If mem­bers of a team don’t be­lieve in walk­ing, they can hardly get on their high horse if op­po­nents fol­low suit, right? Wrong. In a test between Aus­tralia and Eng­land at Trent Bridge, Not­ting­ham, in 2013, Eng­land’s Stu­art Broad edged one to slip via the keeper’s gloves. He was given not out, a de­ci­sion the Aussies couldn’t chal­lenge be­cause they’d used up their re­views. Broad made another 28 runs; Eng­land won the game by 14 runs.

Rather than take the view that them’s the breaks, you win some and you

Stand­ing one’s ground and hop­ing for a let-off is of­ten jus­ti­fied on the ba­sis that it’s leav­ing it to the um­pires to do their job.

lose some, Aus­tralian coach Dar­ren Lehmann, another ca­su­alty of the

Cape Town ball-tam­per­ing af­fair, ac­cused Broad of “bla­tant cheat­ing” and sought to make him a hate fig­ure when Eng­land toured Downun­der later that year: “I hope the Aus­tralian pub­lic give it to him from the word go for the whole sum­mer. I hope he cries and goes home. I don’t ad­vo­cate walk­ing but when you hit it to first slip, it’s pretty hard … Our play­ers haven’t for­got­ten – they’re call­ing him ev­ery­thing un­der the sun.” This he saw as fit pun­ish­ment for a player who did noth­ing that Aus­tralians had not done them­selves.

What’s called cheat­ing falls into three broad cat­e­gories. At the low­est level, it’s done in plain sight – ap­peal­ing for a catch that wasn’t; en­ter­ing a ruck from the wrong side – and the match of­fi­cials ei­ther over­look or miss it. Some would ar­gue this isn’t cheat­ing at all; it’s op­por­tunism or games­man­ship.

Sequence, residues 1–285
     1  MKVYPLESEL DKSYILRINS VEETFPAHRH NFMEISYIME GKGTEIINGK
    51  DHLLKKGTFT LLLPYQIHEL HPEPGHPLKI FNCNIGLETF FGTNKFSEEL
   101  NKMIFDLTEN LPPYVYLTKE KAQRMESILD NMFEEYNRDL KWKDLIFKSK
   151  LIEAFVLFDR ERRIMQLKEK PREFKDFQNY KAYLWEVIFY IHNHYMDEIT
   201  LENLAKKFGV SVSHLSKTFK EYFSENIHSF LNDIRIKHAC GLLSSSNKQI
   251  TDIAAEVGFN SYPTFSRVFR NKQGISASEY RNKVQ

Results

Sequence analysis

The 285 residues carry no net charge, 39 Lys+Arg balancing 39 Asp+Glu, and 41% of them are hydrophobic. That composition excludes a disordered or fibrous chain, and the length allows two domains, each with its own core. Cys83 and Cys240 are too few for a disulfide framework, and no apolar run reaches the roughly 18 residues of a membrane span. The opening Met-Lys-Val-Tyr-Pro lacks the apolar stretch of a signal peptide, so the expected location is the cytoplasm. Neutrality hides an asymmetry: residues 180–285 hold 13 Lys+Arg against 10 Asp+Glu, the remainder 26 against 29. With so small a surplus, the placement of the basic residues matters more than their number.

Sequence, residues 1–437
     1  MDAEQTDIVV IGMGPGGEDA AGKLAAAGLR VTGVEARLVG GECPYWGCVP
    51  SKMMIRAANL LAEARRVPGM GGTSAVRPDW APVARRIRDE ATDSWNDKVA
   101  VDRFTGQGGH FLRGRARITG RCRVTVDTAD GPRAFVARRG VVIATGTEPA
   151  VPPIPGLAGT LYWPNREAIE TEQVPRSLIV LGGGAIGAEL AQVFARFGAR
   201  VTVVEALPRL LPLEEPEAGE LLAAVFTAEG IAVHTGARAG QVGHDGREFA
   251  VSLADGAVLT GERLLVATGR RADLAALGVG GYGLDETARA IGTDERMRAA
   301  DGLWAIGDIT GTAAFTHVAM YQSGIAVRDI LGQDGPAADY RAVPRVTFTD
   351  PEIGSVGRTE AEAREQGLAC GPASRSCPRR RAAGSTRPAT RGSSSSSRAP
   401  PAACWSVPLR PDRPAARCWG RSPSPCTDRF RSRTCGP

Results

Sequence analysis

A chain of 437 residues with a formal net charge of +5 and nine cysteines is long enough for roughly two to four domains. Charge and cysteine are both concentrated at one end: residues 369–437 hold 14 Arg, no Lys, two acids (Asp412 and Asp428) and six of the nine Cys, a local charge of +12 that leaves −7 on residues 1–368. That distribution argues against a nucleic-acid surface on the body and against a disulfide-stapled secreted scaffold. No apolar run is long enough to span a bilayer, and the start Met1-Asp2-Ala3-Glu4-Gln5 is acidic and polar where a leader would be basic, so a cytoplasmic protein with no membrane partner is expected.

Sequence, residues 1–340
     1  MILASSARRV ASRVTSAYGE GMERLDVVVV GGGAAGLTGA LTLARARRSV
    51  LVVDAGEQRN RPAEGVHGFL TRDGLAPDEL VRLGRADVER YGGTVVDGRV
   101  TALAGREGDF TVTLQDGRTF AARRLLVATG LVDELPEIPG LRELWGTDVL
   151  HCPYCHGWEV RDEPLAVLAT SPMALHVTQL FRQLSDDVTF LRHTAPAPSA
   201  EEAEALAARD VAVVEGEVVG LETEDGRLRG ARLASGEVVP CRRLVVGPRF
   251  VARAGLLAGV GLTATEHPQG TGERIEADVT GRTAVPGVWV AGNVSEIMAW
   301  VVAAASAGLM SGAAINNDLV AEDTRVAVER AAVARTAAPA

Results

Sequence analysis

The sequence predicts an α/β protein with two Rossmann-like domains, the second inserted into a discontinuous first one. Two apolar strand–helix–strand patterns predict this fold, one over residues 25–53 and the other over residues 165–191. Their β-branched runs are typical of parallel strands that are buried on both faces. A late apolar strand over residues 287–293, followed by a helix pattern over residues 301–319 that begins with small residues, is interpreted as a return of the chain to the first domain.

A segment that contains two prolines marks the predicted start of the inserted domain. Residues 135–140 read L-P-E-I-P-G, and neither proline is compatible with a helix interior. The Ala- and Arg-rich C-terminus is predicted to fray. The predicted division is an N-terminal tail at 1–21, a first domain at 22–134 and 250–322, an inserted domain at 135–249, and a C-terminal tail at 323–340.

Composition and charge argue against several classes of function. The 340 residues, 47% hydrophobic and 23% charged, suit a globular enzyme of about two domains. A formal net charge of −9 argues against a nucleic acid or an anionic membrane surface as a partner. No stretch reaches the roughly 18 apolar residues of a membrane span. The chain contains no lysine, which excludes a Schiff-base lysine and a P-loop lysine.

At the next level, pre­med­i­ta­tion and covert­ness en­ter the pic­ture: you make a con­scious de­ci­sion to at­tempt to se­cure an ad­van­tage by break­ing the rules and breach­ing the spirit of the game while con­ceal­ing your ne­far­i­ous­ness from the match of­fi­cials. The Aus­tralian ball-tam­per­ing falls into this cat­e­gory, as do most pre­vi­ous, far less se­verely pun­ished in­stances: ball­tam­per­ing al­most al­ways in­volves an el­e­ment of pre­med­i­ta­tion.

Then there is cal­cu­lated ac­tiv­ity un­der­taken in pri­vate away from the arena and de­signed to give the ath­lete or team an on­go­ing ad­van­tage over their ri­vals. Amer­i­can road cy­clist Lance Arm­strong, whose seven con­sec­u­tive Tour de France vic­to­ries were voided be­cause of long-term dop­ing of­fences, is per­haps the best known, most clearcut ex­am­ple.

Former Aussie crick­et­ing great Shane Warne, who said of the ball-tam­per­ing episode that “cheat­ing is unaus­tralian”, was banned for a year in 2003 af­ter test­ing pos­i­tive for a banned sub­stance – be­ing a “drug cheat” in the par­lance. One clear take­away from this af­fair is that, for some time now, the Aus­tralian cricket com­mu­nity has been op­er­at­ing at a dan­ger­ously low level of self-aware­ness.

From top, Trevor Chap­pell, John Wright, Adam Gilchrist, Lance Arm­strong.